When you run a small business, every single dollar matters. It’s commonly believed that the smartest thing is to invest as much of your profit as possible into further production, modernization of manufacturing tools, or recruiting of top-class professionals that will give a competitive edge to your company.
While there’s a lot of truth in this approach, it usually leaves marketing activities on the sidelines. But the fact is that sometimes, even the best product or service won’t reach enough people to keep the small business alive and that’s why you shouldn’t underestimate the importance of investing in marketing. The success of your company doesn’t only depend on the quality of your product. You need to make it visible enough for the consumers and build a strong brand around it in order to maximize its potential. Hubspot has an excellent article on how to develop a unique brand.
Therefore, marketing spending needs to be a substantial part of the budget for any small business. Here are a few tips on how to properly structure your marketing budget to get the most out of it.
How much should I spend?
There’s no definite answer to this question as it will depend on your business approach, your industry, and the size of your business. Most small businesses choose to allocate around 11% of their gross annual revenue for their marketing efforts, but this number should be used only as a rough estimate of how much you should spend for this purpose.
The common opinion among marketing professionals is that newer and smaller companies should spend more than that. Simply, it’s easier for firms that have already crossed a certain threshold of visibility and good reputation as they already have something to build on. Businesses that are still really small, that have no well-defined marketing strategy and routines, that have little digital presence, and whose brand image is underdeveloped, have to basically start from scratch, and this usually costs proportionally more money.
To determine exactly how much you should spend on marketing, it’s crucial that you set clear and quantifiable goals. You need to know precisely what you expect to achieve marketing-wise, whether it’s the growth of your social media channels, generating qualified leads, or boosting your brand’s overall reputation.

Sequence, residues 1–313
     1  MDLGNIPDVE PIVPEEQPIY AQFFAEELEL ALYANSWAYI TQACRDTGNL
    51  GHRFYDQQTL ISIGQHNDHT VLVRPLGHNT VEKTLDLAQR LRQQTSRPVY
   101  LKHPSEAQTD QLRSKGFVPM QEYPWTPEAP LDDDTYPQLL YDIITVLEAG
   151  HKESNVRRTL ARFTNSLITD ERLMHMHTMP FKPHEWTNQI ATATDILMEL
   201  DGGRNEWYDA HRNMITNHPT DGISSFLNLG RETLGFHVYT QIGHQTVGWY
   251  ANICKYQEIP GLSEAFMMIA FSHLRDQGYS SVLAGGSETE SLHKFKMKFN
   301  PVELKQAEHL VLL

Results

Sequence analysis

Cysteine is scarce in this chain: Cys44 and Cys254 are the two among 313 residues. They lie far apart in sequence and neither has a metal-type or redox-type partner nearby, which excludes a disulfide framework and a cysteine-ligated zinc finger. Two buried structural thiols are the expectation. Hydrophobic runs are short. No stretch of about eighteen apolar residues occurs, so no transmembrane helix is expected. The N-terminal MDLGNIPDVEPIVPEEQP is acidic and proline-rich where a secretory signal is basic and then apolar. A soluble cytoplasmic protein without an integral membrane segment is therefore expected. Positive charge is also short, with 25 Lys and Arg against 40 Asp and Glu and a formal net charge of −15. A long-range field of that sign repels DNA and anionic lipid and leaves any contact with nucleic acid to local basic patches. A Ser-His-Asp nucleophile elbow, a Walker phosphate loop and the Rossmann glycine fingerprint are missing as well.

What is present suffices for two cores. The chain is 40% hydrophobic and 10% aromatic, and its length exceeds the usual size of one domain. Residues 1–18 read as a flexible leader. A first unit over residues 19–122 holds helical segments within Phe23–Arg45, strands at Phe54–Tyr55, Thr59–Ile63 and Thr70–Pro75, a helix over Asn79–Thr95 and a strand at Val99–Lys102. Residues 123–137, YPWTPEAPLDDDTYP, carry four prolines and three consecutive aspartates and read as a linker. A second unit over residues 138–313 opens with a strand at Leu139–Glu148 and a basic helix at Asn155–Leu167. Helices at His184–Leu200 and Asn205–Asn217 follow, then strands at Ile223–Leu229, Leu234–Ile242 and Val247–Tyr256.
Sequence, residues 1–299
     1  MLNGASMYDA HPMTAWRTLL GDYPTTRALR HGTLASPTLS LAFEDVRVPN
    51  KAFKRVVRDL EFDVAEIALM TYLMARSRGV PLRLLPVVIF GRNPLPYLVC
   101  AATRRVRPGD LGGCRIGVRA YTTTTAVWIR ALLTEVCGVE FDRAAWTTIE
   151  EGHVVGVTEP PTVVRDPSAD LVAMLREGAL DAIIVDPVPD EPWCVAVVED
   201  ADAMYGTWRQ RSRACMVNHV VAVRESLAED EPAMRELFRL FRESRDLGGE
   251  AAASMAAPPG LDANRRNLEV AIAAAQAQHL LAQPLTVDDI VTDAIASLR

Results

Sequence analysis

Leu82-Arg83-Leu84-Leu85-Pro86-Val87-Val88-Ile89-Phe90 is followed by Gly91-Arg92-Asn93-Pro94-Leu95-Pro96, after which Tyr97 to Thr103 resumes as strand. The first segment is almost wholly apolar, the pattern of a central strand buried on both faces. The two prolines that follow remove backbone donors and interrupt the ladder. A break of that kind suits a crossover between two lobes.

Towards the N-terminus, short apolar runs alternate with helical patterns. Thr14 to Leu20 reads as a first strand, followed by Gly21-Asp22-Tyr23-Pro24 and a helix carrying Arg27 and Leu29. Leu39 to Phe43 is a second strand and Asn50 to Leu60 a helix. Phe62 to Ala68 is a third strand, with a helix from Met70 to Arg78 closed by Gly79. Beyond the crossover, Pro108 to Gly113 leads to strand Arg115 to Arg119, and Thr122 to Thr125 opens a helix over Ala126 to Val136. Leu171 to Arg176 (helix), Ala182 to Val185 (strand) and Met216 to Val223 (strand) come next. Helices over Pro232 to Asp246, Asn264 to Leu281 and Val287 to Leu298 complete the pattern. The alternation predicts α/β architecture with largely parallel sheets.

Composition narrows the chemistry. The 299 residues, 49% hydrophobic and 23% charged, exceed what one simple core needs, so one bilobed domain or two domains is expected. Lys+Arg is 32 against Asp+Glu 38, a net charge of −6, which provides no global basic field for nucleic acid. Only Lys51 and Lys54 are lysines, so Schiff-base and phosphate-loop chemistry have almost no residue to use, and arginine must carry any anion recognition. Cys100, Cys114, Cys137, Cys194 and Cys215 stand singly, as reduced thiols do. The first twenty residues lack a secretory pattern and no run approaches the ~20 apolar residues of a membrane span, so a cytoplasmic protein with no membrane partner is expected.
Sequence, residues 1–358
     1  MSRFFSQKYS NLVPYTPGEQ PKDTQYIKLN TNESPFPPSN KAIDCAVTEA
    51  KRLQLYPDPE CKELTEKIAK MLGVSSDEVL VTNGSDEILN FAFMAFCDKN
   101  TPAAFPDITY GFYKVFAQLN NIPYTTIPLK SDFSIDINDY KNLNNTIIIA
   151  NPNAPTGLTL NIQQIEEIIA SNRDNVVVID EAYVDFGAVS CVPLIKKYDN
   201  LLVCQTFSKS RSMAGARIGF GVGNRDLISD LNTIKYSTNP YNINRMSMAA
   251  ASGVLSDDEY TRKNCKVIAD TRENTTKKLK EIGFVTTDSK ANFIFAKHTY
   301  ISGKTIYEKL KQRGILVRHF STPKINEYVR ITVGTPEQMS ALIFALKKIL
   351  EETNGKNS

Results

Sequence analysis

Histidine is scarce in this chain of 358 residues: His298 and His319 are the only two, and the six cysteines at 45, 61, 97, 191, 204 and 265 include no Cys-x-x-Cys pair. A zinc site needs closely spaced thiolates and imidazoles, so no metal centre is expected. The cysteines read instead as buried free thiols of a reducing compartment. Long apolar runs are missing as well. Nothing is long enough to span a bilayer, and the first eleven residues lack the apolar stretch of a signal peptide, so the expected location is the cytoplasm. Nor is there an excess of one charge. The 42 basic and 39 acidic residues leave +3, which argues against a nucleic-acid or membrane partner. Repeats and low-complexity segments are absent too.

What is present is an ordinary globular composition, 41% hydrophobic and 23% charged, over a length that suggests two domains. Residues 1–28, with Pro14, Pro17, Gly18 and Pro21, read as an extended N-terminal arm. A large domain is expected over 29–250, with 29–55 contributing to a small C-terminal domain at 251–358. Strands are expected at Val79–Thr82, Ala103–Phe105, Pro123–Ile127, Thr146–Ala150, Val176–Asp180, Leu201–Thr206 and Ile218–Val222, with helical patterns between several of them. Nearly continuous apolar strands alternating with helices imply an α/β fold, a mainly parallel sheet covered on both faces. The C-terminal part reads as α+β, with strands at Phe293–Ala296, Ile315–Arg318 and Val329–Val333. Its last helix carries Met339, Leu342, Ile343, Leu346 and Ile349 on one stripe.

Secondly, you need to know your customers – who they are, what they’re interested in, and which channels and methods you can use to reach them. These factors can change your marketing costs dramatically. For starters, it’s not bad to use some basic online calculators that can give you a ballpark estimation based on some of the mentioned parameters.
Which items should I include?
An average marketing budget can sometimes contain a discouraging number of components. A layperson may expect to have something like two items on the list: the costs of content production and buying media time and space. In reality, there’s much more than that and even these two have to be further broken down to an endless number of elements.
For instance, content production can contain items such as:
- Writing scripts for video ads
- Shooting video ads
- Writing and designing posts for your website
- Writing and designing posts for your social networks
- Writing copy for your product pages
- Writing blog posts that will be distributed to other blogs and websites and that will backlink to your website to improve your SEO
- Designing all sorts of online and offline promotional material – banner ads, flyers, invitations, loyalty cards, even billboards
- Research of the market and the audience that allows creators to generate truly engaging content
And these are just the most basic ones. On the same token, planning the budget for “buying ad space” includes PPC ads, banner ads, TV minutes, native advertising, product placement, and much more. And then there are other expenses: technology (automation software, CRM software, research tools), event organization, search engine optimization, or general PR activities, to name just a few.
How should I allocate the money?